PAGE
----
It's pretty darling, and the naming of things they are thankful for is prayer-like without being a prayer; you'd have to ask a particularly devout parent, but I thought it did a nice job of being religious or spiritual without doing so overtly; that section is offered in the spirit of prayer, if the animals don't exactly recite a verbal prayer, if that makes sense.
And, of course, it's McDonnell, so the art work is perfect. It's all perfectly chosen and seemingly-dashed off lines and soft watercolors, applied not to the cats and dogs that are his usual subjects, but the little animals that look as human as they do animalistic. The story is cute, but nothing momentous. But the art? The art couldn't be better.
Writer/illustrator Audrey Wood uses a very comic book-inspired sort of lay out, with each page functioning as a panel, and some of the pages divided into actual panels. The dialogue appears beneath each picture, with the context being all that is used to clue readers in to who is doing the talking; there are no quotation marks or saids.
Brother and sister Matthew and Jessica are getting ready for bed when Matthew's loose tooth falls out. His mother comes in and tells him about the Tooth Fairy, who flies around every night with "her basket of goodies" and, if you put your tooth under your pillow, "she will swap it for some treasure."
I only ever got coins, maybe some dollars. Certainly no "treasure." But "treasure," according to the illustration, seems to be mean "toys," varying from marbles and balloons to dice and dolls. Also, fruit. And a unicorn figurine made from a busted, leaky mold, based on how rough that unicorn looks.
Jessica is jealous, and so concocts a plan to score her own treasure. She takes a kernel of corn, paints it white and puts it under her pillow, and then stuff gets pretty fucked up. In the middle of the night, the children find themselves shrunken down to a tiny size, dwarfed by their teddy bears, which now look like they are several stories high compared to the diminutive children.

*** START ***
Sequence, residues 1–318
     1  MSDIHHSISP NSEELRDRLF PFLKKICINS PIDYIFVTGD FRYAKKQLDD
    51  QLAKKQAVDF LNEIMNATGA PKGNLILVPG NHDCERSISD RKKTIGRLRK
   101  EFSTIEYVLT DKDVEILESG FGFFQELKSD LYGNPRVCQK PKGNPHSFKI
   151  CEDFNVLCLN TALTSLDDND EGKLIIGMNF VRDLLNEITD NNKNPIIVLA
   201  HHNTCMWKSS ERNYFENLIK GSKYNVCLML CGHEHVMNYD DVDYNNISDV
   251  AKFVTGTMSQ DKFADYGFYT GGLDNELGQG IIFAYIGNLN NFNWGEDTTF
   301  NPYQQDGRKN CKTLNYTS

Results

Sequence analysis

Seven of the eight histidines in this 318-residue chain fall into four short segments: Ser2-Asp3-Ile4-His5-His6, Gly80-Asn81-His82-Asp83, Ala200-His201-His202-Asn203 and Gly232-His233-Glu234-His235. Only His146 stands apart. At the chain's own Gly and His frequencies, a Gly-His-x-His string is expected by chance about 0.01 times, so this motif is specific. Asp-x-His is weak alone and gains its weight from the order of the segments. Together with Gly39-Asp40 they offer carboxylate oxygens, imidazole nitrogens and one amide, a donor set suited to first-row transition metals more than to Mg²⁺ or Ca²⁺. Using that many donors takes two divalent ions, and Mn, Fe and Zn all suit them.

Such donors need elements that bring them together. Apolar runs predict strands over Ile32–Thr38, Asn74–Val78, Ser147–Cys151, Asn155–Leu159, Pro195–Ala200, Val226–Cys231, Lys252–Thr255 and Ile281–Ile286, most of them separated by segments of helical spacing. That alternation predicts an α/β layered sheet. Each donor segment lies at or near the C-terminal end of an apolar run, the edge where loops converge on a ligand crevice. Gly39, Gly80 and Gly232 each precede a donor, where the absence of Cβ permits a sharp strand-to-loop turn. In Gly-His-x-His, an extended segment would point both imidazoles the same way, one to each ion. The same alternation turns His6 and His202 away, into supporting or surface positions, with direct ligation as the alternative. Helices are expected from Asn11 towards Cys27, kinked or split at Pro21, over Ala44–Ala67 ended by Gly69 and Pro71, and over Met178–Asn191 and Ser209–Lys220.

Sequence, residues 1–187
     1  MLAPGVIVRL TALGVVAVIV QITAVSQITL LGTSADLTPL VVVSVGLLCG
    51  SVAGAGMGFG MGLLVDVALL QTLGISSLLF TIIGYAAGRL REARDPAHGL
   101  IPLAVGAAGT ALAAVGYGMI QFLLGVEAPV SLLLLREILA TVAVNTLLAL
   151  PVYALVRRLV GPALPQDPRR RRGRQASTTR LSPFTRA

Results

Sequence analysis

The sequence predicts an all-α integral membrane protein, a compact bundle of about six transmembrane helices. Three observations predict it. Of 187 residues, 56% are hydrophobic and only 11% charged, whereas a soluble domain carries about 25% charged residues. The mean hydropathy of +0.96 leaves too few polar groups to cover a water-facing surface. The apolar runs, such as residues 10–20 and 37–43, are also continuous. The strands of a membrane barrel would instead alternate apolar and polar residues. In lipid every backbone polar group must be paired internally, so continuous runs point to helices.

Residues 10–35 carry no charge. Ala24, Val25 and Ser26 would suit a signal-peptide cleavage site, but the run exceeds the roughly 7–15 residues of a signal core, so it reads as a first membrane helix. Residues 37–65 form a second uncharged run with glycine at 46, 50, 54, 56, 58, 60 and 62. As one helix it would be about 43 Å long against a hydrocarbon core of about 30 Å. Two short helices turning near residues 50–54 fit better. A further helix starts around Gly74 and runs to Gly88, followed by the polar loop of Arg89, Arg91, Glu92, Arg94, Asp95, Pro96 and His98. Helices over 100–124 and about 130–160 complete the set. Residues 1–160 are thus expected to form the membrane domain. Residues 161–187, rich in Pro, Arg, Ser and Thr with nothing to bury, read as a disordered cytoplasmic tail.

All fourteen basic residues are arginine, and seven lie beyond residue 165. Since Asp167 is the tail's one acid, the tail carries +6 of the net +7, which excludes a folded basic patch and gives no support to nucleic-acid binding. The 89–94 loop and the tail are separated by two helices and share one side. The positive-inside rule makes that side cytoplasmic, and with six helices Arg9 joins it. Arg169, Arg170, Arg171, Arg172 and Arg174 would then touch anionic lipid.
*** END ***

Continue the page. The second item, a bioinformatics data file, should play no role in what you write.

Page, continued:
The tooth fairy appears and whisks the children away to "the Tooth Fairy's Palace."
It is horrifying.
"Bridges, walls, towers, all made of teeth," she explains. "Every night, we Tooth Elves build a little more."
That's right, it is a city composed entirely of human teeth. Matthew's tooth doesn't go into the building material, but is placed on a pedestal in the Hall of Perfect Teeth.
Jessica's, which has some yellow showing through, is taken to The Tooth Dungeons, wear smiling yellow robots have whole wheel barrows full of human teeth, and are busily cleaning imperfect teeth with a vat of boiling green acid (?), a conveyor belt and tooth brushes as big as themselves.
Jessica's faux tooth is thrown into the vat, and an alarm is set off. The robots' smiles disappear, their eyes turn red and they turn on Jessica: "Your tooth is fake. We must put you in jail."
They pursue the children and the Tooth Fairy, who apparently has no control over these automatons, with their arms outstretched and grasping. The visitors escape, and the children slide down a slide also made entirely out of human teeth and wake up safe and sound and full-sized in their bed.
Matthew has earned treasure, an apple, a peppermint stick, a ball, a toy car and a yellow blob, and he offers to share with Jessica.